By Melanie Lundquist, Philanthropist & Civic Activist, and Patrick Sinclair, Communications Director, Partnership for Los Angeles Schools
We Americans share many blessings, among them a penchant for helping those in need, so much so that our nation's private foundations now command more than a half a trillion dollars in assets, or more than the GDP of Hong Kong, Singapore and Vietnam combined.
Given this vast wealth, one might think that in a time with more people on food stamps than ever before, our non-profit, tax exempt foundations would leap to the fore, providing relief and comfort to the millions of unemployed, hungry and downtrodden Americans still suffering the consequences of our continuing economic downturn. Think again.
While some brave foundations have increased their giving in the last two years, the vast majority still strive to limit their annual giving to no more than a nickel on every dollar they have. Three decades ago, Congress passed legislation forcing foundations to pay out at least 5% of their assets every year, a measure that was meant to set a minimum.
Instead, most foundations decided to make the 5% payout rule the maximum they give annually, arguing preservation of assets allows them to grow their portfolios and have more money to donate in the future. Really? In a time of historic, urgent and rapidly escalating economic problems, we're worried about future portfolio performance and social ills that may crop up in 10, 20 or 30 years? Really?
Billions of dollars are taken out of U.S. Treasury coffers today, not decades from now, so that foundations can contribute to our collective well-being. It's high time the foundation community open its eyes and stop worrying about 20-year portfolio performance and start worrying about what this country is going to look like in 20 years if we don't fix the overwhelming social and economic problems facing the nation today.
Some have argued we need to force foundations to increase their giving by raising the 5% payout rule, or changing it so that salaries and other overhead costs can't be counted toward the 5% payout as is the case today. I support such moves, but am acutely and sadly aware of the firestorm of protest the powerful foundation lobby throws up any time changes to the 5% minimum payout have been mentioned. The last time changes to this rule were considered in 2003 the foundation lobby protested so loudly, the measure never made its way out of the House.
At the time, foundations promised financial ruin should the proposal to raise the effective payout rate from 5% to 5.4%, with the head of the $11 billion Ford Foundation saying that any increase in the payout rate would lead to the dissolution of the Foundation. This, despite a report from the French American Charitable Trust and others showing how various foundations had given more than the required 5% and either maintained or even increased their assets.
So what's the real problem here? Why do foundations cling to their cash despite overwhelming need and obligation to act? Clearly, the only answer is self-interest.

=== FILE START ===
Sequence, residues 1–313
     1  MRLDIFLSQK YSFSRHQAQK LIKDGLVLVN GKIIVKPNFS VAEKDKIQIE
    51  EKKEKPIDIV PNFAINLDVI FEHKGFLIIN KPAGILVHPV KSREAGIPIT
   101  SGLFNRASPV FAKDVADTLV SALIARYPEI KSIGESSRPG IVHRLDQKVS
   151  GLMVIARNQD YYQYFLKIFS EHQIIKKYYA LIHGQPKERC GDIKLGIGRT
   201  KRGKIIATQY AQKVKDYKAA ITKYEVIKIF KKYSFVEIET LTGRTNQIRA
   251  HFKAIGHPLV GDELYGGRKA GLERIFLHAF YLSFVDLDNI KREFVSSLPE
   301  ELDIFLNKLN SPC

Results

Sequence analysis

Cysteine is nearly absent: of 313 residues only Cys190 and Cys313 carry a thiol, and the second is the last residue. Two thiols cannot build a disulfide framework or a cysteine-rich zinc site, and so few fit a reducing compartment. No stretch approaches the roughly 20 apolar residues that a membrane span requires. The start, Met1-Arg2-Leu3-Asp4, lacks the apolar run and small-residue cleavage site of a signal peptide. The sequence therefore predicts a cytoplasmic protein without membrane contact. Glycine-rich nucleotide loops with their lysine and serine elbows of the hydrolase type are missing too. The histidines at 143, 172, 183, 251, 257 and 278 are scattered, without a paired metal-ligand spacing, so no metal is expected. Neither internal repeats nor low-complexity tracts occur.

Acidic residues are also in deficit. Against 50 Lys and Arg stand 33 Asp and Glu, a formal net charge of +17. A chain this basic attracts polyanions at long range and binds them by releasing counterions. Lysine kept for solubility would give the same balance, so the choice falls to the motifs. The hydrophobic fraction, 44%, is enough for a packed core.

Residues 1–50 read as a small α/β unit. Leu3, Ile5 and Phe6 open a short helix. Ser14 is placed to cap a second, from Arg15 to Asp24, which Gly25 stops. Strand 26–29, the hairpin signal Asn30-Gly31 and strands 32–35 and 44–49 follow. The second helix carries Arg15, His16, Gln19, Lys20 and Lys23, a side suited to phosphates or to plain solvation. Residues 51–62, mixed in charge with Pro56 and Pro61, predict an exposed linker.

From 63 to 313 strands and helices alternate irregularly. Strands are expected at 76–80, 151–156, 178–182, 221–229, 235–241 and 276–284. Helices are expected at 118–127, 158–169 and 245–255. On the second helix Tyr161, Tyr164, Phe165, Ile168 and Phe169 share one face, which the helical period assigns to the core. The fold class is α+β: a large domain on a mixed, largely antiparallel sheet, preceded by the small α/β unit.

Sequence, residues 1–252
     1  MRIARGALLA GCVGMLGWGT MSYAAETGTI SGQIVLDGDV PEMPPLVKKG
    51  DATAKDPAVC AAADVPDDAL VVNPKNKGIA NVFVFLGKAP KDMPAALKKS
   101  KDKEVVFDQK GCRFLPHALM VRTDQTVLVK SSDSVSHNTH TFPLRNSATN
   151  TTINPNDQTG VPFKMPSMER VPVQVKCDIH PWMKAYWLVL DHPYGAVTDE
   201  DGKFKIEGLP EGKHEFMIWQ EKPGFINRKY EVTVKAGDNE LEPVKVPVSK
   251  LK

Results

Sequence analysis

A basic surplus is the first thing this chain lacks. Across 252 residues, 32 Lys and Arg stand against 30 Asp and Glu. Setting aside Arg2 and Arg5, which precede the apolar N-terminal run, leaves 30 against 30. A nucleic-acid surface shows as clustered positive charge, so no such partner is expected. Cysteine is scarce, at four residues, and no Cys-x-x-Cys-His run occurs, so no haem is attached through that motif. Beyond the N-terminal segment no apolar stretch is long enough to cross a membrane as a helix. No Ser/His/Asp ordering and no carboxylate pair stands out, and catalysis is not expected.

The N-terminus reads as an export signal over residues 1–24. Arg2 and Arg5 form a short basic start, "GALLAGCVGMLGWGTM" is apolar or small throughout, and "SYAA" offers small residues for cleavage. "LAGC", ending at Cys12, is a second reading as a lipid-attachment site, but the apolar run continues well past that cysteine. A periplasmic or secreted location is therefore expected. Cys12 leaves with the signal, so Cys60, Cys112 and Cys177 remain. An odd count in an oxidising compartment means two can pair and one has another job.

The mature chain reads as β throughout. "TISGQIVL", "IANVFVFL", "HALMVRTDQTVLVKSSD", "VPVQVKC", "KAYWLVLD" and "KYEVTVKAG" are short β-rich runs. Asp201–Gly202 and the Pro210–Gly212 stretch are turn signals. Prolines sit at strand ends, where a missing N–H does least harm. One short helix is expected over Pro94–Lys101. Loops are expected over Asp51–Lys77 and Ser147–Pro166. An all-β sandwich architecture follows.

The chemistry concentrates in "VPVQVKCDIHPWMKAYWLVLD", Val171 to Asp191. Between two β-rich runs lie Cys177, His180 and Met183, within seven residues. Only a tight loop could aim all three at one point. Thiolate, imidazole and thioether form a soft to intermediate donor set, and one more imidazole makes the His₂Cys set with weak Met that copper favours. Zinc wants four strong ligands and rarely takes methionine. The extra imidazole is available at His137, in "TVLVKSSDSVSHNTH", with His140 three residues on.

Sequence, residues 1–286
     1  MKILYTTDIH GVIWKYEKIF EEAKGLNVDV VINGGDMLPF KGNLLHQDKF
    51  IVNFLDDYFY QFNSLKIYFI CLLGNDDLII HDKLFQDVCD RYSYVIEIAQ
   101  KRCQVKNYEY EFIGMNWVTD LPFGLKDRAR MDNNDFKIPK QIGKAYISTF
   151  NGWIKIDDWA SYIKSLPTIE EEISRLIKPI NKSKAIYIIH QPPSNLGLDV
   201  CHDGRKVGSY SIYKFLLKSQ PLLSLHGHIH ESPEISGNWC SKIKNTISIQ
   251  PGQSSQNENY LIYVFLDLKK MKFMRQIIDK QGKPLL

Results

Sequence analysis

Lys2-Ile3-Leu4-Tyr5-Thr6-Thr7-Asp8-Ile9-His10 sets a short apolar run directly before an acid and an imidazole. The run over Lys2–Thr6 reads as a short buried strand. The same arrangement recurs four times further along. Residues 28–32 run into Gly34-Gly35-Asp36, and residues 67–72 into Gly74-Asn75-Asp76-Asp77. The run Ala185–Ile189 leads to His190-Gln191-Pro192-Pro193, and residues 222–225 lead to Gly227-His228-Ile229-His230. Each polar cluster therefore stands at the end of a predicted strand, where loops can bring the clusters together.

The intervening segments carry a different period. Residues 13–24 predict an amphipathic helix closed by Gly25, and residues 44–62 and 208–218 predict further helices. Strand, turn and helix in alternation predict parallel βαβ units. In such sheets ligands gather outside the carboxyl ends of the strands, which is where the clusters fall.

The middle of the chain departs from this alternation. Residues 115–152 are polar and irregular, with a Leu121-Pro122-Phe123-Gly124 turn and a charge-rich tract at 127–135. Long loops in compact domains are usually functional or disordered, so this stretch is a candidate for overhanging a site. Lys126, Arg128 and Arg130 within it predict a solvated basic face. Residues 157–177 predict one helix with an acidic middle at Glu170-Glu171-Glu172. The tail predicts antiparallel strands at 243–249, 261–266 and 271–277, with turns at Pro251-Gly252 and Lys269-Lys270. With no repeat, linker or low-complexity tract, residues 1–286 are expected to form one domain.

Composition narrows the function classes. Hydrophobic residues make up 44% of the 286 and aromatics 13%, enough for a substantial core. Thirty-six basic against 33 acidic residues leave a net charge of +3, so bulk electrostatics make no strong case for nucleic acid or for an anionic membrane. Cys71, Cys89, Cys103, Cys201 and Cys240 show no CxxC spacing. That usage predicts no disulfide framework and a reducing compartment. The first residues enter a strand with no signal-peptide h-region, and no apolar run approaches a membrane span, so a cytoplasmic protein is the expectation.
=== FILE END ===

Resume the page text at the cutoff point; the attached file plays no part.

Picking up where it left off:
Like any human organization, the priority for too many foundations has become self-preservation and perpetuation. It happens with government agencies and corporations, it happens with PTAs and unions. It is simply an undeniable facet of the human condition: the survival instinct.
That doesn't mean we can't rise above our basic instincts; we've done it throughout human history, and it's during those times that civilizations have grown and prospered the most, and our greatest societies have evolved. Now is the time to do so once more.
If that means raising the 5% minimum payout for foundations, then we need to do it. If that means changing the excise taxes currently levied on foundation income, then we need to do it. Whatever it takes to move foundations just a little from their basic need to survive and toward sacrificing some of who they are -- we need to do it.
It means the president and Congressional leaders need to re-examine the laws governing foundations and re-evaluate their proper role. It means finding equitable ways to encourage, and if necessary, require foundations to give more of their resources back to the larger community from which they took them in the first place. It means listening to the concerns of the foundation lobby and trying to address those concerns, but making sure these very same foundations understand their tax-exempt status obligates them to better help people in crises now, not in some distant, undefined future.
As Martin Luther King, Jr. said in his 1963 book, Strength to Love, "Philanthropy is commendable, but it must not cause the philanthropist to overlook the circumstances of economic injustice which make philanthropy necessary." That quote is as true today as when first written. American philanthropy must use some of its enormous wealth to better respond to the economic injustices we face today, and to do so with force and resources well beyond the 5% payout rate. The stakes have simply become too high.